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July 28, 2014

Your Employees Get Tips, So Should You - Tips for Complying with State and Federal Wage and Hour Laws

Some tips for complying with state and federal wage and hour laws for tipped employees.

At the beginning of this year, I explained to a young child how important it is to leave a tip for your waiter/waitress,  I explained that a tip is part of his/her pay, helps to pay his/her bills, and that you might choose to leave a larger tip for excellent service.  I’m pretty sure that the message got through, because each time we’ve eaten out since then, that same child calculates the tip and exclaims his rationale — “She was really nice,” “He brought lots of drinks,” “She smiled a lot” – for an extraordinary tip.  I can’t help but wish that employers gave tips this much attention.

If you employ individuals who receive tips as part of their compensation, it is imperative that you understand your obligations with regard to minimum wage calculations, overtime pay and other tipping policies.  Violations of wage and hour laws related to employee tips can have significant consequences to your immediate bottom line as well as to your reputation.

Here are a few important points to consider:

  • In Kentucky, you are required to pay your employees at least regular minimum wage, unless they are engaged in an occupation in which more than $30 dollars per month is customarily and regularly received in tips.  For those employees, you may be able to pay a minimum wage of $2.13/hr (adjusted with the regular federal minimum wage), but only if records can establish that for each week in which you pay this reduced rate, the employee’s salary plus tips is not less than the regular minimum wage.
     
  • You may not require your employees to remit any gratuity to you, the employer, except for the purpose of withholding amounts required by state or federal law.
     
  • Though tipping pools may seem like a great way to share the love amongst your service employees or to even out customer distribution (seating sections, number of tables, number of customers, preferred hours, etc.), Kentucky law prohibits involuntary tipping pools.  Voluntary tipping pools are permitted, and you may inform your new employees about the customary tipping arrangements followed by most employees at your company.  You may also provide a place for safekeeping of funds placed in a voluntary tipping pool, but there are specific laws and regulations which must be honored with respect to segregation of funds and examination by pool participants.
     
  • It is important that you keep good records of your wages paid, including a record of cash wages paid to a tipped employee.  Again, you must be able to show that your tipped employees have received at least the regular minimum wage after consideration of tips and salary.  If you need employee assistance to get the information you need to keep the requisite records, make sure your written policies and procedures are clear, and make sure you train tipped employees on such procedures and record keeping.
     
  • Tipped employees are generally not exempt from overtime wage and hour laws, so it is equally important that you are aware of applicable laws and regulations surrounding overtime compensation.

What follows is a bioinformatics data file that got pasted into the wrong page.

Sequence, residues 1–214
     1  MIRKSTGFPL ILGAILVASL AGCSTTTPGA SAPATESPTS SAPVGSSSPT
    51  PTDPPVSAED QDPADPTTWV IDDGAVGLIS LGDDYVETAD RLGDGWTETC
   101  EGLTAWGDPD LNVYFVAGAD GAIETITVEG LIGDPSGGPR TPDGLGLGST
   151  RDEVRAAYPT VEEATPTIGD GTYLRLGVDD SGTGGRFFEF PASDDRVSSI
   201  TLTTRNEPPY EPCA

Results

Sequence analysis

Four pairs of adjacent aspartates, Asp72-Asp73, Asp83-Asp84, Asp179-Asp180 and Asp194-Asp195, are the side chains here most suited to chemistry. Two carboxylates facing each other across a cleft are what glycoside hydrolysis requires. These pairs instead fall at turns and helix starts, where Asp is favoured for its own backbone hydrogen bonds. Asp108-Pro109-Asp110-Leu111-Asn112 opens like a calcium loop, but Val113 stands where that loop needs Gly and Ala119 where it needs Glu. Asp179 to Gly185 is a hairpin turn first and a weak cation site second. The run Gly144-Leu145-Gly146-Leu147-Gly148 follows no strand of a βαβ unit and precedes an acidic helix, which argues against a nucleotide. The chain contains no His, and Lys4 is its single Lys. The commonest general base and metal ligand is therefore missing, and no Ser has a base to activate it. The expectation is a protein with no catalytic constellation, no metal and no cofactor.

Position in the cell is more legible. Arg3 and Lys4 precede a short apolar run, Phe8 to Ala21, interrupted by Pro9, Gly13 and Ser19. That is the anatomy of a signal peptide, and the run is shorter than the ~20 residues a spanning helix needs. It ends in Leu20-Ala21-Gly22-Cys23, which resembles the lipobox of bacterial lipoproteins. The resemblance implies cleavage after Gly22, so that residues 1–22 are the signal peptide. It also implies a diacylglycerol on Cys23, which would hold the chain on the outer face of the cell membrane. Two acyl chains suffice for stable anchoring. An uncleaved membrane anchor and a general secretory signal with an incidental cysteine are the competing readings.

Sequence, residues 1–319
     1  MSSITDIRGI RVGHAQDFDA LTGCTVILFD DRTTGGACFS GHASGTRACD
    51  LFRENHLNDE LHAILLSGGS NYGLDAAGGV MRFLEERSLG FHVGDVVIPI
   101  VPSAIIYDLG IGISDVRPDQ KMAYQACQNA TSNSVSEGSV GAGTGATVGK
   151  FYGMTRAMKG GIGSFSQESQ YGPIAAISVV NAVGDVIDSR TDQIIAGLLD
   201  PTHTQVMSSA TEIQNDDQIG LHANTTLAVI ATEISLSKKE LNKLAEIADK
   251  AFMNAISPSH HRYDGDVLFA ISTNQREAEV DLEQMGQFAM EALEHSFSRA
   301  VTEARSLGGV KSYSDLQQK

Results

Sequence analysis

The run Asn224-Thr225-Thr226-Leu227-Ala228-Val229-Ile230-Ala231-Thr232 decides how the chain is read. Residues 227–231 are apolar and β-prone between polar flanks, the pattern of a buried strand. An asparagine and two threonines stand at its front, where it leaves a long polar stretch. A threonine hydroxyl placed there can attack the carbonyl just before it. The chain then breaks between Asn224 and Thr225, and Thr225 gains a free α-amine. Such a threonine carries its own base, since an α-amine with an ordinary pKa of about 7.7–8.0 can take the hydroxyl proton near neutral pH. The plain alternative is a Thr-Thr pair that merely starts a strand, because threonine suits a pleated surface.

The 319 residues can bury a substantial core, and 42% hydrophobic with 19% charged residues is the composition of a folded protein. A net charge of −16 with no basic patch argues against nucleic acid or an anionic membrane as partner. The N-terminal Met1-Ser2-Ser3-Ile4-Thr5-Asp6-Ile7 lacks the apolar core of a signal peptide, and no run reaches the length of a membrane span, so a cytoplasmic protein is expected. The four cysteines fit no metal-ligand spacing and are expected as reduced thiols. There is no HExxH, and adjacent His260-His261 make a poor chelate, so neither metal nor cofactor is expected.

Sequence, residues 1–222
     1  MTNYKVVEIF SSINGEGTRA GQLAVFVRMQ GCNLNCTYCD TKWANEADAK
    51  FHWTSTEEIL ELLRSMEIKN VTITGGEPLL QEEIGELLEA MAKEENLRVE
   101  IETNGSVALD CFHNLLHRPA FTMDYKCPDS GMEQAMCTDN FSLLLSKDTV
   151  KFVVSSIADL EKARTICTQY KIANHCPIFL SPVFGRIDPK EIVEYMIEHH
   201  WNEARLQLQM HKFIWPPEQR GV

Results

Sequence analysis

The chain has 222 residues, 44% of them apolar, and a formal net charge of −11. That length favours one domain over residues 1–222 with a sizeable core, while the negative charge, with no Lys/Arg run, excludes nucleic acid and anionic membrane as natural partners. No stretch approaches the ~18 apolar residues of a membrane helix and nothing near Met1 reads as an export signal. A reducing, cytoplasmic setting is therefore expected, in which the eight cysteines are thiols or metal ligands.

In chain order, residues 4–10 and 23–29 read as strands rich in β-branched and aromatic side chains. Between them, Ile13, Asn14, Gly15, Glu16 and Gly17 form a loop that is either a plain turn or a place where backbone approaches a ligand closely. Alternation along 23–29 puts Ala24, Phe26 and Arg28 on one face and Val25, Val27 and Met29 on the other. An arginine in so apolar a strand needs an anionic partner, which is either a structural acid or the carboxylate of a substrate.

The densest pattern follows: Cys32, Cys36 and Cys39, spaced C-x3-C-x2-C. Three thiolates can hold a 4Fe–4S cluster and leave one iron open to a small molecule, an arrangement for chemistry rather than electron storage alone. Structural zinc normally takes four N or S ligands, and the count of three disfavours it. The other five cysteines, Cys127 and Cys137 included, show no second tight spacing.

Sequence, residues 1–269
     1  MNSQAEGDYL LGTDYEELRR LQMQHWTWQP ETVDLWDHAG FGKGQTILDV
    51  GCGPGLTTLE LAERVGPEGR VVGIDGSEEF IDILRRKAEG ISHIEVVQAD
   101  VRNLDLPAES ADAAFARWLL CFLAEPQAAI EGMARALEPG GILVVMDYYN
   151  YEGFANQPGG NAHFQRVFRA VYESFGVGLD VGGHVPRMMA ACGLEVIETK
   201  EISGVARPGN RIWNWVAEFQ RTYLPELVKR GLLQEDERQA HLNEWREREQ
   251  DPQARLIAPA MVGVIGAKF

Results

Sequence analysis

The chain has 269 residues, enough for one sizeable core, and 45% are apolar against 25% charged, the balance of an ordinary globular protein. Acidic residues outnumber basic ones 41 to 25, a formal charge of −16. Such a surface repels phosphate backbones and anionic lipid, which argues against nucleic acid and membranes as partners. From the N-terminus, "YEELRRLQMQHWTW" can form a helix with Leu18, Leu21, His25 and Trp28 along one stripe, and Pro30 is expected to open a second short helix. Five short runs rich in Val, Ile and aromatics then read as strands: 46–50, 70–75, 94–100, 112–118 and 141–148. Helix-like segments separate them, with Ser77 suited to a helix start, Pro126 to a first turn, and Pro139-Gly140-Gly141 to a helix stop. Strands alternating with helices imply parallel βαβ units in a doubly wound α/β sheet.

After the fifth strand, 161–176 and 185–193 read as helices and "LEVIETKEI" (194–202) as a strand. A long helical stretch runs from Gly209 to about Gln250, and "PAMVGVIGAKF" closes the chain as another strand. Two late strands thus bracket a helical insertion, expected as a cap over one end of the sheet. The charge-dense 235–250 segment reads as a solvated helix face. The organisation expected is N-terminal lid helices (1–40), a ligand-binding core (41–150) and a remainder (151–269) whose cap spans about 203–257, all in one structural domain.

Finally, to the extent possible, make sure your tipped employees feel they are being treated fairly.  Explaining employees’ rights, implementing and following clear policies and providing an avenue for grievances can help to create this sense of fairness.  While this is more of a practical point than a way to avoid technical legal violations, it is nearly impossible to overstate the effect that a well-placed social media campaign by an angry employee can have on your business.  Recently, Lynn’s Paradise Cafe, a local restaurant favorite in Louisville, Kentucky learned this lesson first-hand.  After allegedly implementing a new policy requiring that tipped employees come to work holding at least $100.00 in cash at all times, including at the start of their shift, in order to “tip out” employees.  A recently terminated employee complained on the Facebook page of a local news channel about her former employer’s policy, claiming that she could not afford to comply with the policy.  This, of course, invited several comments from the news channel’s followers, some regarding the illegality of mandatory tipping pools and some generally bashing the restaurant.  While the truth about Lynn’s policies and practices not fully known, there is little doubt that the restaurant’s reputation was harmed by the social media posts.  Lynn’s closed abruptly shortly thereafter, after twenty-two years of business.

If you employ individuals who receive tips as part of their compensation, it is important that you fully understand these points, as well as several other relevant state and federal wage and hour laws and regulations.  You may wish to consult with counsel to make sure that you haven’t made any inaccurate assumptions about how to pay your tipped employees.

© 2014 by McBrayer, McGinnis, Leslie & Kirkland, PLLC. All rights reserved.

About the Author

The established law firm of McBrayer, McGinnis, Leslie & Kirkland, PLLC, provides solid solutions and powerful advocacy for complex legal problems. More importantly, we handle these matters efficiently and effectively. Our clients are consistently impressed with our immediacy in dealing with the substance of their legal issues, not to mention our positive results.

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